A part of Shiv Lal's originality lies in the process through which he develops each work. Often, he starts out like the impressionists from a particular location at a particular time, as the breaking of daylight over Shankaracharya Hill in the acrylic on canvas Black fish in Dal Lake (2008) or the oil on canvas The Indus Valley in Ladakh (2009). His treatment of light and colour in both these paintings gives them authenticity and realistic moorings.

Black and white creature and crucified man, 2009, oil on canvas, 60 x 36 inches.-

The important thing to note in this context is that he does not restrict himself to the inner reality as being the only one. External reality as observed by him sets the contours within which he works out a narrative imagery that the landscape sets to work in him. In his latest series, it is the mountains of Kashmir, Himachal Pradesh and Ladakh that have provided him with inspiration. The outer world becomes the context it flourishes in.

Tabo Monastery in Spiti (Himachal Pradesh), 2008, acrylic on canvas, 36 x 36 inches.-

The narrative that evolves in his works may reflect a contemporary event such as the attacks in Australia or philosophical truths such as Asoka's transition to Buddhism after the experience of the Kalinga war. In the painting Walking Monk on Mud Mountain and Creatures, one can see lions and people in a melee, evolving towards the solution wherein the lions submit to the rules of the dharma-chakra, represented here by a river in human form, criss-crossed by a series of bridges that could be points in time. Among other images, there is the severed head of a goat, the first sacrificial victim, which was offered to the gods as a proxy for a human sacrifice; a man with a flower (Gandhigiri?); another with his arm upraised (a prophet?); and a series of creatures, which are basically abstract conglomerations of concrete parts, rather like the images of Ganesha and Narasimha in Indian iconic art.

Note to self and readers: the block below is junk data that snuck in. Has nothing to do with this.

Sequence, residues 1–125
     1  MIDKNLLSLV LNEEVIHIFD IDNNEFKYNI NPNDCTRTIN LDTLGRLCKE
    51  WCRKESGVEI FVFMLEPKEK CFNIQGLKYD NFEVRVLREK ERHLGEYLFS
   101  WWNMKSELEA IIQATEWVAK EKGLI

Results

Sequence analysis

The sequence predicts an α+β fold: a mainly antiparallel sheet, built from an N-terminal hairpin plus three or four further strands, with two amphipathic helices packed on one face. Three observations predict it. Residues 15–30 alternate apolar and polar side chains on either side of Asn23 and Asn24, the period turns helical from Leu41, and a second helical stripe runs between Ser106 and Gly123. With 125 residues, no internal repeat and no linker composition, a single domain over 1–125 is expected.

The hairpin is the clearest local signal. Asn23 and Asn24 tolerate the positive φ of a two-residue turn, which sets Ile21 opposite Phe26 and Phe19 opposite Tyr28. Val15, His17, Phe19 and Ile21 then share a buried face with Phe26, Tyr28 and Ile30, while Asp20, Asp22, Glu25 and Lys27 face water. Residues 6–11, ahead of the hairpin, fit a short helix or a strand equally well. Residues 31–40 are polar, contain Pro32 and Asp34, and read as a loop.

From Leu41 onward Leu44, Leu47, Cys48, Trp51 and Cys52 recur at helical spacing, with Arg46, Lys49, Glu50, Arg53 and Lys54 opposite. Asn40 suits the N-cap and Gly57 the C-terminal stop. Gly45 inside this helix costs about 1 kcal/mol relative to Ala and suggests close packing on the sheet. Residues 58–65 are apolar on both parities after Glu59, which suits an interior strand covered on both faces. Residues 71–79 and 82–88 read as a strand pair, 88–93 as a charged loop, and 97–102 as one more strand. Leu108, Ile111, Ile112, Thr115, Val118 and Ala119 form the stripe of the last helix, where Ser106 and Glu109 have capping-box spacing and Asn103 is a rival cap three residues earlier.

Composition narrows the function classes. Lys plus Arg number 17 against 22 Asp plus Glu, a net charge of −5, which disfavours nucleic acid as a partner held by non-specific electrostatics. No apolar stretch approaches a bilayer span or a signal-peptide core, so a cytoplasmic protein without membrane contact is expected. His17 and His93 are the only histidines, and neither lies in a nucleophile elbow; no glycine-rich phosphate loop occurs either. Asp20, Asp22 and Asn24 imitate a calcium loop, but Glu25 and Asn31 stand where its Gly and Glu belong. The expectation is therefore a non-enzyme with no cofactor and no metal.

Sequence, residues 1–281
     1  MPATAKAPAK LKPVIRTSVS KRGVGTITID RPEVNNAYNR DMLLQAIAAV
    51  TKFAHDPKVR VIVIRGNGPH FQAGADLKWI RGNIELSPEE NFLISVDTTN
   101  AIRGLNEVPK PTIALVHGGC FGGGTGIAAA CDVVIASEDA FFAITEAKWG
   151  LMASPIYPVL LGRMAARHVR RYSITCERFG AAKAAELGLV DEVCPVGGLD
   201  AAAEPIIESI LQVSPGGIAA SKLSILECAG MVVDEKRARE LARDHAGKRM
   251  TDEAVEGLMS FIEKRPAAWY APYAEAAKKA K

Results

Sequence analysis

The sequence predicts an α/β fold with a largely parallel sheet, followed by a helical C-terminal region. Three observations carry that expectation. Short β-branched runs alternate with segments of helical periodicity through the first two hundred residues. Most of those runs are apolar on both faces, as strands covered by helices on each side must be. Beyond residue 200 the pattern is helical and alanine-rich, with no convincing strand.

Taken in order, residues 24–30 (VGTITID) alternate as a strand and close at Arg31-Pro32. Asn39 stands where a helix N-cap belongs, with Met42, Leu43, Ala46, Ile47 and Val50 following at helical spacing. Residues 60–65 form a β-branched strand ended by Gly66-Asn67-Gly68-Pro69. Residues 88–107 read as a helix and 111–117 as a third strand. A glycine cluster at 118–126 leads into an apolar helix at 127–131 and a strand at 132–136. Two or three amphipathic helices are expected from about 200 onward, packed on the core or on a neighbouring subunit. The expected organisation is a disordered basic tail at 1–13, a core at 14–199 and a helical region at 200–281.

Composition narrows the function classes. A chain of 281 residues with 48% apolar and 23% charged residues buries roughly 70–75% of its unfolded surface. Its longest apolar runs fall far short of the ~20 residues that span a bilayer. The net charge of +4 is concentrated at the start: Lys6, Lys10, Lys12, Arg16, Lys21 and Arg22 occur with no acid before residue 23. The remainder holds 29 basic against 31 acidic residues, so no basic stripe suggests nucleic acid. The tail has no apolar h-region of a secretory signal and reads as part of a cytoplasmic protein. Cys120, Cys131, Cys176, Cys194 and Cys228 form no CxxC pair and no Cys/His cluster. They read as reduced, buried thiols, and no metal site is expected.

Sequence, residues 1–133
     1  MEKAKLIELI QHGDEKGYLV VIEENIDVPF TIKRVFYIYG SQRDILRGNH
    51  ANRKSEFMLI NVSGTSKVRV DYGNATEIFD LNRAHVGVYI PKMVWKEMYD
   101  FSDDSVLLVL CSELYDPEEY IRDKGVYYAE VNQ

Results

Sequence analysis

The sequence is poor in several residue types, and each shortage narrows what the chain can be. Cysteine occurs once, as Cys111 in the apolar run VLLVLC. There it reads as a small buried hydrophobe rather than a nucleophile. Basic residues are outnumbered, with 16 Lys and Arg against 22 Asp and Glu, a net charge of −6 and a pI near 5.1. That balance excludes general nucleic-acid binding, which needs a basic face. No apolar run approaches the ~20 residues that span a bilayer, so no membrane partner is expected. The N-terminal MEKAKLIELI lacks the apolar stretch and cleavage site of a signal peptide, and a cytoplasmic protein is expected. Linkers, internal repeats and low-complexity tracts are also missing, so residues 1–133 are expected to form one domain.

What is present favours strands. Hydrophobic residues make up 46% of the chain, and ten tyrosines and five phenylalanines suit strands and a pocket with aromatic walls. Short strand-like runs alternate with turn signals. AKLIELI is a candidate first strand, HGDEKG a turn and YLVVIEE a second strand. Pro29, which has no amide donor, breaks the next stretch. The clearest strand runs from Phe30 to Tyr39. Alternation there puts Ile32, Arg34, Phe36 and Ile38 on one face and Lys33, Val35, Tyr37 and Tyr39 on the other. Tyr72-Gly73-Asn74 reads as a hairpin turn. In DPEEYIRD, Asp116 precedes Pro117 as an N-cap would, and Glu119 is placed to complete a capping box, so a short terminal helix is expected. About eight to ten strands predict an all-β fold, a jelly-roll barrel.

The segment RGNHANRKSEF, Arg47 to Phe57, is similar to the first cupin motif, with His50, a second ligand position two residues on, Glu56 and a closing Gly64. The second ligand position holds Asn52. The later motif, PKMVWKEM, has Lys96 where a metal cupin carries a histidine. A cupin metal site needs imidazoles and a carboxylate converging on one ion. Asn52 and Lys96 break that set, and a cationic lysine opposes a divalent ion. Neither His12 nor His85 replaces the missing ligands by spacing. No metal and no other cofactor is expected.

Walking monk on mud mountain and creatures. This painting is part of a triptych.-

Unique visual journey

Beyond this, one enters the sphere of Gaitonde, Padamsee and Ram Kumar: the non-figurative landscape. Here, Shiv Lal avoids the Euro-American drift towards the minimal and symbolic abstract. He chooses instead a complexity that evolves out of the juxtaposition of the truth of light and colour of a concrete space, the figurative and composite forms it evokes in the artist who enters this space, and the interplay of textures and colours that catch the eye, and train it into a unique visual journey that becomes a narrative that goes past the immediate perception and enters the arena of the truth as perceived aesthetically by the artist. This process allows him to communicate both outer and inner realities as well as figurative and non-figurative expressions directly to the viewer. But without Shiv Lal's capacity to do it in a painterly manner, the works would never have had the same impact. His sense of colour, powerful drawing and expressive brushwork give his paintings a very different look.

Owl sitting onman's head and ochre mountain in Ladakh, 2008, oil on canvas, 60 x 36 inches.-

This approach to reaching the artist's perception of the concrete lure of the Himalayas passing through fields of colour and texture, images of sacrifice from Hindu, Buddhist and biblical lore, to the sense of what makes a human being climb the heights, risking both life and limb, to reach a level of profound satisfaction and humility in the realm of the clouds has remarkable directness. Indeed, an artist may go to the mountains because they are there. But once he sizes them up, he too, is on another plane of being. This is what these landscape paintings communicate most powerfully. Their context is Indian but their message is universal. That is what Indian contemporary art is all about.